What do you enjoy about living in Dallas?

Many cultures intersect in Dallas and it’s that diversity that I enjoy the most. Outside of my life in Clements Hall, I enjoy visiting art festivals and trying out different types of food around town. Being able to navigate the city using public transportation or on a bike is also a plus. It’s certainly not the best public transit out there but it’s better than in other cities that I have lived in.

What advice do you have for those who are starting their Ph.D. journey?

Be intentional about building your network while in graduate school through attending conferences or taking part in internships over the course of your study. This helps later when seeking collaborations or even job hunting.

Also, carve out time to relax even if it’s only for a little bit. The Ph.D. journey has a lot of ups and downs so try to find consistency in hobbies or relationships with friends and family.

Get to Know SMU’s Nationally Renown Department of Mathematics 

SMU’s Department of Mathematics offers one of the country's leading graduate programs in computational and applied mathematics. More specifically, our classes and the research of our faculty are focused on partial differential equations, dynamical systems, numerical analysis, and scientific computing. Application interests are very broad including nonlinear waves, micro-fluidics, optics, semi-conductors, materials science, plasma physics, mathematical biology, to name just a few areas.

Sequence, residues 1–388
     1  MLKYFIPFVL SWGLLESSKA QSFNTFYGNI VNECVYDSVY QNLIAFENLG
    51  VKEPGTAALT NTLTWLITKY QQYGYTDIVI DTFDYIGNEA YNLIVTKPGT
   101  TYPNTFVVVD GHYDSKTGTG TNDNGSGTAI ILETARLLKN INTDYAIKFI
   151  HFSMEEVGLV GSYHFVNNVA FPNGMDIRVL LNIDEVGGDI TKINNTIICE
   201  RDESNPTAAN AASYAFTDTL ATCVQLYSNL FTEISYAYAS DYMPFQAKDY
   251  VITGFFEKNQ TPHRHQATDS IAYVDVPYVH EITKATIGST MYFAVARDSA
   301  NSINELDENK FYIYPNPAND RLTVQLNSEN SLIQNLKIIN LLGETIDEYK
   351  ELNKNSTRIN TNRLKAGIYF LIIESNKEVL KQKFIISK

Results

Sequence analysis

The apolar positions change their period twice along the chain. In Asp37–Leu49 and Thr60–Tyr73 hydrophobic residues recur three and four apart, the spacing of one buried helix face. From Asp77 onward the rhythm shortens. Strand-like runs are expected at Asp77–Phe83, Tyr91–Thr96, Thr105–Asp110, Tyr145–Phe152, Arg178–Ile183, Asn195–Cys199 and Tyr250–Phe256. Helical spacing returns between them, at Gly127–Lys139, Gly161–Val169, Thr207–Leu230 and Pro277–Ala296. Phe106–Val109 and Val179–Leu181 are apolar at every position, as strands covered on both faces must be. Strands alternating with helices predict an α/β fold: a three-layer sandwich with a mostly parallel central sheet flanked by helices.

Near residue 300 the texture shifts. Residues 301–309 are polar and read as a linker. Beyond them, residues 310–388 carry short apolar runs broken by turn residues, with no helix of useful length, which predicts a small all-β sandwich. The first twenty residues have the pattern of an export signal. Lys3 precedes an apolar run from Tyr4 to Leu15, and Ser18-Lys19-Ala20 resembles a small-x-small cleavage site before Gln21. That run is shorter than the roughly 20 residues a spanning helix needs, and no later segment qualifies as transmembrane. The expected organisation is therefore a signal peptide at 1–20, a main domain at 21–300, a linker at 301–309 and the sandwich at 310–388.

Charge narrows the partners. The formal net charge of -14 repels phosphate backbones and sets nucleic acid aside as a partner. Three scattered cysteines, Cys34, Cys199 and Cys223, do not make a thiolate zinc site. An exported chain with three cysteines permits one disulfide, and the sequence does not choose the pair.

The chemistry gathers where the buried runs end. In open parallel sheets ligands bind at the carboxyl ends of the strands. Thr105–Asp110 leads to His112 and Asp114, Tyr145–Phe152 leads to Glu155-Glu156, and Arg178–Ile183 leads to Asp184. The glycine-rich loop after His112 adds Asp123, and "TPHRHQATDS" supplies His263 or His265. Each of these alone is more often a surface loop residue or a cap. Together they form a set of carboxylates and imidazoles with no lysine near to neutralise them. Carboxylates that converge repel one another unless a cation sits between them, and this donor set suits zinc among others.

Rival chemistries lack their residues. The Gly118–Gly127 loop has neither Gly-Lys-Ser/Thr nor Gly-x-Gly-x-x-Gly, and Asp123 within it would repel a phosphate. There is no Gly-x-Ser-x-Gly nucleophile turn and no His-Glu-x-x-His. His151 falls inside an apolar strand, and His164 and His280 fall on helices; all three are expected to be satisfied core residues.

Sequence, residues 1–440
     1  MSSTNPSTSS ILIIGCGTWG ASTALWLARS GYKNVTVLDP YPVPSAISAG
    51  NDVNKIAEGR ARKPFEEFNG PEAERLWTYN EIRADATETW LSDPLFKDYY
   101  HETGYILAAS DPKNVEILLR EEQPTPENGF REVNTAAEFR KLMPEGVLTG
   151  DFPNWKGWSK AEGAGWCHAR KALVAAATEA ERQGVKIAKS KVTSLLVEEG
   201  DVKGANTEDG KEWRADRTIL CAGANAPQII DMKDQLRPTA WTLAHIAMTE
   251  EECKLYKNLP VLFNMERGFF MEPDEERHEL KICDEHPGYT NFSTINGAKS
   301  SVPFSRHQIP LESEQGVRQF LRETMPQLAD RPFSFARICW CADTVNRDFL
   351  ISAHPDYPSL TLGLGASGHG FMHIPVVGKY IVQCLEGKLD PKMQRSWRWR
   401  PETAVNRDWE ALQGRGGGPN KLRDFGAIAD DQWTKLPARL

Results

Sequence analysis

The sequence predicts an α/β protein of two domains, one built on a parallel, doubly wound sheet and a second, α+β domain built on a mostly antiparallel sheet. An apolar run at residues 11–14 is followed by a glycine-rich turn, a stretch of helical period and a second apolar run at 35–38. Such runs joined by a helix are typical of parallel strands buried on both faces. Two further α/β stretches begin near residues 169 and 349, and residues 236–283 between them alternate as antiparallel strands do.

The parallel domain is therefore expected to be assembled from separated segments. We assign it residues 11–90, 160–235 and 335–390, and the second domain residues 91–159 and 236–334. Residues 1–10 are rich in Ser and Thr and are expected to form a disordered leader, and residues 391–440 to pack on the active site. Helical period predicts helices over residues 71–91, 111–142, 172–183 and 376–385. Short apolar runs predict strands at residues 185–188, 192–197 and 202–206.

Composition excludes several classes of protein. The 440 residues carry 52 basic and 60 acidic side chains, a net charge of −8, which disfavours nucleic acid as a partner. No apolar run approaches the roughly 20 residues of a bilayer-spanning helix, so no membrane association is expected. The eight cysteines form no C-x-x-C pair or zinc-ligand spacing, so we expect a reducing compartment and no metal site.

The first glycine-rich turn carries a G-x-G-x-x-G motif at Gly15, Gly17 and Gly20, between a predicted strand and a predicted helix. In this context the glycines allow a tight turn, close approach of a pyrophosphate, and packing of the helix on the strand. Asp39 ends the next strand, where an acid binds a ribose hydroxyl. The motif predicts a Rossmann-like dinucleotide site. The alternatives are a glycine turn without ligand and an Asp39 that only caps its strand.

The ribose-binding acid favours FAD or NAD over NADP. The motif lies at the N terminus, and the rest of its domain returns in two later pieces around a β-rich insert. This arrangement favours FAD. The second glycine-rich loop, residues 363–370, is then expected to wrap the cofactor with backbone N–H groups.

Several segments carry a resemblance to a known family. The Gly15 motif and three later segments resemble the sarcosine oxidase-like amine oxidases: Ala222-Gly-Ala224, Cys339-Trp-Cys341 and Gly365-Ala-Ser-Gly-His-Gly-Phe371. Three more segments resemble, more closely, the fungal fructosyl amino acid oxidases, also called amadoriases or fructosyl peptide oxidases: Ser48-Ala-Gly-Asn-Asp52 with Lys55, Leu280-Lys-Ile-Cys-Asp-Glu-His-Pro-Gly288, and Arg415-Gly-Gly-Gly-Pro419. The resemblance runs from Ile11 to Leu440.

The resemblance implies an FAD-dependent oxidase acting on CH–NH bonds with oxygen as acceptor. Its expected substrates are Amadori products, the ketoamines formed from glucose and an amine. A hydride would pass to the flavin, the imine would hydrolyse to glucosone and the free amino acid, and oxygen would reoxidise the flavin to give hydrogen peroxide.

All of our students, no matter the application area, obtain a high degree of expertise in numerical analysis and computing, which we find prepares them well for positions in industry and national laboratories, as well as in academia. In keeping with a long-standing SMU tradition, all faculty members — including our endowed chair holder and other senior professors — are required to teach graduates and undergraduates. 

With a 1-1 ratio of graduate students to faculty members, graduate students can be assured of individual attention. Students also have access to a number of high-performance computing platforms including a data center housing "ManeFrame II,” capable of 870 teraflops. In addition, SMU has an outstanding library collection, competitive financial aid, and the advantage of being located in an area where job prospects for graduates are abundant.

Contact Us Today!

Whatever graduate program you are considering, we are here to help you through the process. We would love to connect with you to help answer your questions and get you the information you need to make an informed decision about graduate school. You can request more information or send us an email — we look forward to hearing from you! 

Want to learn more about the Ph.D. application process and graduate school in general? Check out our resource, A Guide to Choosing, Applying for, and Thriving in a Ph.D. Program.